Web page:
Parental status case studies

Return to work after a baby

The complainant was trying to negotiate with her employer to return to her job part - time after having a baby. Protracted negotiations resulted between the parties leading in the complainant deciding not to return to work.

At the conciliation conference the director of the business provided a heartfelt apology to the complainant for the way the negotiations had dragged on and this resulted in the complainant being a lot more flexible in negotiations because she felt this apology was genuine and gave her 'a feeling of being listened to and heard'. The complaint was resolved at the conference.

(Source: ADCQ annual report 2012-13)


Relationship status and parental status discrimination in pre-work

A woman alleged that she had been requested to provide details on an employment application form about her date of birth, medical history, marital status, number of children and the ages of her children.

The Commission contacted the respondents and advised them that it was unlawful to request information on which unlawful discrimination might be based, and that the Commission had received a complaint about their employment application forms.

The respondents said they were unaware that it was unlawful to request this information and that the application form was one that had been used by the company for many years without being reviewed.

The complaint resolved when the company agreed to remove the personal questions from their employment application forms. Although not requested by the complainant, the company also forwarded her a letter of apology, and sought the Commission's advice about recruitment practices and policy implementation.


Sexuality and parental status discrimination in work

A gay man alleged sexuality and parental status discrimination while employed with a retailer. He claimed he was subjected to numerous taunts, remarks and lurid suggestions relating to his sexuality, from management as well as co-workers. He also said he was called derogatory names over the loud-speaker and that regularly he would find items for sale, arranged to mock his sexuality.

The man also said when he had applied to work in the specialist children's section, he was unsuccessful in gaining the position because he was not a parent. He said he was forced to resign.

The retailer denied the allegations and counter claimed that the man openly discussed his sexuality in the work place, which offended some staff and clients, and that the man's work performance had diminished over the three years he was employed. The retailer also denied telling him the other job needed a worker who was a parent.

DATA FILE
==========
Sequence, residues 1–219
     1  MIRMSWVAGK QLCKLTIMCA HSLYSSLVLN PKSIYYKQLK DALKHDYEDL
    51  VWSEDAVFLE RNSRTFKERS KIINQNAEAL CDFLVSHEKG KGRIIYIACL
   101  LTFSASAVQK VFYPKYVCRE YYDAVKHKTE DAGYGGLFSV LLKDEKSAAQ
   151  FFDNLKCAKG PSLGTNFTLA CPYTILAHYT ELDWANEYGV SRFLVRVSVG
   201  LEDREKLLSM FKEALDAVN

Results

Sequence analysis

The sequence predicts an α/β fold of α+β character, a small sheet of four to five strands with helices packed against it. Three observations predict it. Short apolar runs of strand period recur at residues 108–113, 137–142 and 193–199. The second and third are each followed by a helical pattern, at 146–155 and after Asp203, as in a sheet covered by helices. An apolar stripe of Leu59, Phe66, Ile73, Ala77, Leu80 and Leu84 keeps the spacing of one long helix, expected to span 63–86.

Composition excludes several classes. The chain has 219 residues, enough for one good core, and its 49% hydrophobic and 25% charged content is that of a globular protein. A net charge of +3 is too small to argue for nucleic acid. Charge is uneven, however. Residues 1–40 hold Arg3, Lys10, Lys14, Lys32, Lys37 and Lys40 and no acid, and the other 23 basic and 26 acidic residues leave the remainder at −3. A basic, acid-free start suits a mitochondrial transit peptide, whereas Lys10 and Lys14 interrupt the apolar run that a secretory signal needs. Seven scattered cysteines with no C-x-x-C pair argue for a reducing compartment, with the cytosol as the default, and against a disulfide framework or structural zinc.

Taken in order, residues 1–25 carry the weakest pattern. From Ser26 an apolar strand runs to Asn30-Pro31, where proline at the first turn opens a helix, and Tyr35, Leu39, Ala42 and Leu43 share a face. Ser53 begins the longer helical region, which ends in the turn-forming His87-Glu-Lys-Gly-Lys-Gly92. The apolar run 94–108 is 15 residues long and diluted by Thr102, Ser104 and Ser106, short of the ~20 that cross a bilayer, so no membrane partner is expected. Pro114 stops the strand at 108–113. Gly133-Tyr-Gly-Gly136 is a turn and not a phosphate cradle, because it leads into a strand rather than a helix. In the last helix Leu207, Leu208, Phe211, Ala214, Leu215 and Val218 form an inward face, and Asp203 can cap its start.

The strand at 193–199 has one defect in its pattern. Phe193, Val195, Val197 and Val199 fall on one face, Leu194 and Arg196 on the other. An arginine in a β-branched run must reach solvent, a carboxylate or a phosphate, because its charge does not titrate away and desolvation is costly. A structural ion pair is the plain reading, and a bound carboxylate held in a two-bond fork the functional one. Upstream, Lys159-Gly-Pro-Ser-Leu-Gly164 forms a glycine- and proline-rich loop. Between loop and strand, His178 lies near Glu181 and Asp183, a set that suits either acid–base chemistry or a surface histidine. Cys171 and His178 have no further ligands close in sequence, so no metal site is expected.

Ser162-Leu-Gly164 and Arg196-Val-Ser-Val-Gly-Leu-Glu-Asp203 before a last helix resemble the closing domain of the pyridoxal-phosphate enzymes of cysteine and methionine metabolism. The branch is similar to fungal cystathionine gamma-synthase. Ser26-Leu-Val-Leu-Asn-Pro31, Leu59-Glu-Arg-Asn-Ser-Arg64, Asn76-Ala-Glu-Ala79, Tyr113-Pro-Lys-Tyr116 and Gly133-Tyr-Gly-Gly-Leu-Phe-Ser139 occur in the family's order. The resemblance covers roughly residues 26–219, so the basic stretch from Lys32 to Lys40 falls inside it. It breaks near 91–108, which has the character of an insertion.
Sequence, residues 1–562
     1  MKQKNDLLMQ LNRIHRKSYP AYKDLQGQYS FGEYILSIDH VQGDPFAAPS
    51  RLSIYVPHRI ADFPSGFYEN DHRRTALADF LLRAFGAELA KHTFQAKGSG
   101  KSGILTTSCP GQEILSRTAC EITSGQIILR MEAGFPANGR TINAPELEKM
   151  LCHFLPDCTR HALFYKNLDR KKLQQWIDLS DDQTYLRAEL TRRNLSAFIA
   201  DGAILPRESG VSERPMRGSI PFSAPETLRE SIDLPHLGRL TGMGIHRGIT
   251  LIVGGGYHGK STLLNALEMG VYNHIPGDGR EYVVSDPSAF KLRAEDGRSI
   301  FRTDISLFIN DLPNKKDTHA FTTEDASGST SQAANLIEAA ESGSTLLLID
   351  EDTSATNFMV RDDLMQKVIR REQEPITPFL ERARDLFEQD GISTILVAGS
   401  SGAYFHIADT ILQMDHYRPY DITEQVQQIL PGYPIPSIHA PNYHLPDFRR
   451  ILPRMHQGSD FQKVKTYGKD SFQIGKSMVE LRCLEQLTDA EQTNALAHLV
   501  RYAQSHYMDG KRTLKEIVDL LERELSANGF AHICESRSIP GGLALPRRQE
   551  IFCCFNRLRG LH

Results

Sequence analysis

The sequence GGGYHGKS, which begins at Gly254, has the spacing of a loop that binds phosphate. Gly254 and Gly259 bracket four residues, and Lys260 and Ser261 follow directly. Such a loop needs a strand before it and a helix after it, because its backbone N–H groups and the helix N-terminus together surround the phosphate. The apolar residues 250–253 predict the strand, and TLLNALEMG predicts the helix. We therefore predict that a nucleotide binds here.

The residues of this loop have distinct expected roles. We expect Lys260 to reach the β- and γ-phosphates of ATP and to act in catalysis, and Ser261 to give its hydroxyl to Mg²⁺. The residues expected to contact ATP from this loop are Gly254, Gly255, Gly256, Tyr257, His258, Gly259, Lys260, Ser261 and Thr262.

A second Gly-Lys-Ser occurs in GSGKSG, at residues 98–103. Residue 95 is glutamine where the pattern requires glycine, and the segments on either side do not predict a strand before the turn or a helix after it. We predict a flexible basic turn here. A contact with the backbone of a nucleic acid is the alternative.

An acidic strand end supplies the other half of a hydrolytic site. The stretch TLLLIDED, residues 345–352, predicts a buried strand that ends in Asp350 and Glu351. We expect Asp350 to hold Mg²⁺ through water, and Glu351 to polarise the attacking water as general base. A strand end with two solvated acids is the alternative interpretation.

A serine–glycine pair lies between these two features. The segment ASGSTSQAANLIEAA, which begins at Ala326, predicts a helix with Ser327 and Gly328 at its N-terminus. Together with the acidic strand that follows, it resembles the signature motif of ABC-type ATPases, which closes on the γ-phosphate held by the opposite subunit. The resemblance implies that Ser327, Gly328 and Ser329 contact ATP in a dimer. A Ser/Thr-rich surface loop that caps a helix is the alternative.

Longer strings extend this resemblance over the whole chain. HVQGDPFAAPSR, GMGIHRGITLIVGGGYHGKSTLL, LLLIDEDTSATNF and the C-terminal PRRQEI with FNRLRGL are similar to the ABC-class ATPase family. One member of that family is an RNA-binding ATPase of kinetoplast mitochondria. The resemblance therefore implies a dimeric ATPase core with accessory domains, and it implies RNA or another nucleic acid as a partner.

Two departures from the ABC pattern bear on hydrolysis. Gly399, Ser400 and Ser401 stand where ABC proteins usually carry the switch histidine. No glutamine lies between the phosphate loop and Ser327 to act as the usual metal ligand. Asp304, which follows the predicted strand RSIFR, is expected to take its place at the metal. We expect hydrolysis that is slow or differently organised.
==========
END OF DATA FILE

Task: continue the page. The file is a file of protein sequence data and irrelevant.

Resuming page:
The matter was resolved at conciliation with the retail store agreeing to pay the man $12,500 in general damages, providing a statement of regret and statement of service to the man, and an assurance that all staff would be retrained on anti-discrimination and sexual harassment legislation.


Parental status in accommodation

A woman booked holiday accommodation at a guest house which offered peaceful and tranquil holidays. On phoning the guest house the day before arriving, to check that a cot could be provided for her 10 month old baby, she was apparently informed that the guest house does not accommodate children and her booking was cancelled. She was refused the refund of her deposit previously paid.

When notified of the complaint the guest house owners argued that their premises were not suitable for children, in that the premises were situated amongst heavy terrain which included an unfenced creek. They also argued that they had established the guest house to provide a service to holiday makers who wanted a stress free, peaceful and romantic holiday away from daily pressures and the exuberant energy and sometimes noisy enthusiasms of children.

The matter resolved with the guest house owners offering an apology for the hurt caused to the woman and her family, a return of the woman's cheque being the deposit paid, an assurance that they were now well informed on anti-discrimination laws and an undertaking to clearly inform future holiday makers of the type of facilities offered at their premises.